WASHINGTON – Arizona got a B on a recent national report card that graded states for their efforts to improve financial literacy in high schools.
The July report from the Center for Financial Literacy awarded a B to states, like Arizona, that require high schools to teach some level of financial literacy, but do not require an assessment on the material.
Seven states got an A for requiring an assessment of students’ financial literacy in addition to requiring the subject in the curriculum. Eight states got a C, 11 got a D and another 11 got an F for not having any finance standards in their curricula.
State experts said the rankings point up the importance of the issue.
“The benefit is really enormous. After age 18, students need to make a lot of financial decisions,” including borrowing money, student loans, which school to go to and what major to take, said Elena Zee, president and CEO for the Arizona Council on Economic Education.
The rankings came out before a new state law that codified what had been Arizona Department of Education policy since 2007. The law would not have made a difference in the state’s grade, since it does not require an assessment, but local officials said it is still important to have the law on the books.
Sen. Kimberly Yee, R-Phoenix, who sponsored the bill, said it ensures that personal finance requirements will never be taken out of the state’s education standards. Now, “anytime the state board of education adopts its academic standards they will incorporate personal finance within those standards,” Yee said.
Zee said the Arizona Department of Education “has really excellent personal finance standards in place already,” but agreed that it was important to put the language into law.
“The problem was that was not reflected in the Arizona state statutes,” she said. “It was never outlined that personal finance was required for graduation in the statutes even though the standards clearly state that.”
Chris Kotterman, deputy director of government relations for the Arizona Department of Education, said the law is a “vehicle to draw attention to what is already there” in the department’s standards. He said the law should not affect school districts, as long as they are already teaching the requirements.
Yee said that the law also ensures that all school districts are covering the requirements.
“Some of them are doing it really well and put a great emphasis on it and then some are just touching upon it,” Yee said.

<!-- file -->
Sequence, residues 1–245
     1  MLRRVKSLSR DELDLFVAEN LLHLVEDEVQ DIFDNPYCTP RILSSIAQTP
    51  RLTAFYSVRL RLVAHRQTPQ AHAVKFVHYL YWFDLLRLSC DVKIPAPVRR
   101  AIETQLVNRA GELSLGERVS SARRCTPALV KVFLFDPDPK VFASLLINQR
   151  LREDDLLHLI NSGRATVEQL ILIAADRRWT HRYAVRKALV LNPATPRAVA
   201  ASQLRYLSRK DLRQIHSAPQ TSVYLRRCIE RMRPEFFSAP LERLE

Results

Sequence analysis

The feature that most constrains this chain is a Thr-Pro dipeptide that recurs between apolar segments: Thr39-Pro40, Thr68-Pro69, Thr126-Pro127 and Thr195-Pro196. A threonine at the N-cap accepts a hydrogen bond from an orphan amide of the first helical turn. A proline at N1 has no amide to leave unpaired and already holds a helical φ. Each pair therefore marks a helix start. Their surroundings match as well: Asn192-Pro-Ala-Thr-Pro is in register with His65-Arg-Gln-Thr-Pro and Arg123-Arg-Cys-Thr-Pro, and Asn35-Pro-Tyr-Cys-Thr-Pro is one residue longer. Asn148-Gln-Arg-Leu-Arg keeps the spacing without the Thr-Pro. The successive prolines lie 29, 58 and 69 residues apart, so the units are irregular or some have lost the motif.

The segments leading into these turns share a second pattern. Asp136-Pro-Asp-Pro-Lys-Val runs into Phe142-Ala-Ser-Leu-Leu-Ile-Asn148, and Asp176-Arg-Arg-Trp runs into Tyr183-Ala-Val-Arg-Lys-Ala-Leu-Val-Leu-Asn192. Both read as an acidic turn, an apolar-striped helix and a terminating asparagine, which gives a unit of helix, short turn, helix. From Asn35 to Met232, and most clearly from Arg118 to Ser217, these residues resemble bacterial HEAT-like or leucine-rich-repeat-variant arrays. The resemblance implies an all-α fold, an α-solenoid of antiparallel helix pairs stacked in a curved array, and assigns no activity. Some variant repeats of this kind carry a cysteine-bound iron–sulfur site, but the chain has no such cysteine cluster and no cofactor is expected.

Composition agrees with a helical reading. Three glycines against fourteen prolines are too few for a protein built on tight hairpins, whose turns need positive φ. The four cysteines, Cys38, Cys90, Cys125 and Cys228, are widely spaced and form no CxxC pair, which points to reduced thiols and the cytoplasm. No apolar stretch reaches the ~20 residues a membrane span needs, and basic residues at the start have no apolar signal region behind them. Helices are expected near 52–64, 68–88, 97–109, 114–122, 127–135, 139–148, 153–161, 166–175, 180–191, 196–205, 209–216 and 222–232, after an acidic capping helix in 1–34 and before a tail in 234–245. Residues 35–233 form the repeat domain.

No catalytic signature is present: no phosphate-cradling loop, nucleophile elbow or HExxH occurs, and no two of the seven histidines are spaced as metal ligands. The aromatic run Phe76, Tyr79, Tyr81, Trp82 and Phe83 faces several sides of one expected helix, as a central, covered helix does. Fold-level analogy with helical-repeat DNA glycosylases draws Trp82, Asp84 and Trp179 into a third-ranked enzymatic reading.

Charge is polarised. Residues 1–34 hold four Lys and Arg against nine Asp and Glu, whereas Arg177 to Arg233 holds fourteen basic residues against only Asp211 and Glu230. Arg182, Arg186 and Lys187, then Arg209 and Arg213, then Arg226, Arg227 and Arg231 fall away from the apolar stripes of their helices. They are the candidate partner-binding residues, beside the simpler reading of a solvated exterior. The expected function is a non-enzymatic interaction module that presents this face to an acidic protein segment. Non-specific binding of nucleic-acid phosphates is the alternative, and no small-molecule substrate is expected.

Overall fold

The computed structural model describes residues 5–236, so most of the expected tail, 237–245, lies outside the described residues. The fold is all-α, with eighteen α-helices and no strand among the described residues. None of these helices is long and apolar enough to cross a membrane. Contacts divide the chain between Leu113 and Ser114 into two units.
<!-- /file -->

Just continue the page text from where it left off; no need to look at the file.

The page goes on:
Sharon Lechter, the founder of Pay Your Family First, pushed for the bill with Yee. She said the law brings personal finance to the forefront, at a time when personal finance education is especially important.
“It is imperative, given the current economic climate, that as adults we do whatever is necessary to educate our young people as it relates to financial education so that they are properly prepared for the economic world they face,” Lechter said.
Mike Sullivan, director of education at the credit-counseling service Take Charge America, agreed that personal finance should be taught in schools, but noted that it is also a parent’s responsibility.
“I think one of the things that’s overstated is how much schools should do, and one of the things that is understated is how much the families should do,” Sullivan said.
Lechter said she is happy with Yee’s bill, but plans to continue fighting for a standalone personal finance class statewide. The law currently prohibits the state board from requiring a standalone class, but allows local school districts to take that step locally.
“I’m happy that the law was passed . . . but I want it to be stronger,” she said. “I would like to see the law become a required course of personal finance.”
She said the issue is too important to let it drop.
“Money is a life skill. It doesn’t matter what your choice of profession, everyone has to deal with money,” Lechter said. “Teaching young people at an early age how to make it, how to keep it, how to invest it, how to have it work for them gives them a lifetime of reward, so that they can become masters of their money and not slaves to it.”
Dollars and cents sensibility
Arizona law gives local schools some flexibility in how they offer personal finance education, which can be a standalone class or part of another mandatory high school class. But the following topics must be covered:
– Explanations on how education, career choices and family obligations affect future income.
– Analyses of how advertising influences consumer choices.
– The determination of short-term and long-term financial goals and plans, including income, spending, saving and investing.
– Comparisons of the advantages and disadvantages of using various forms of credit and the determining factors of credit history.
– Explanations of the risk, return and liquidity of short-term and long-term saving and investment choices.
– Identification of investment options available to individuals and households.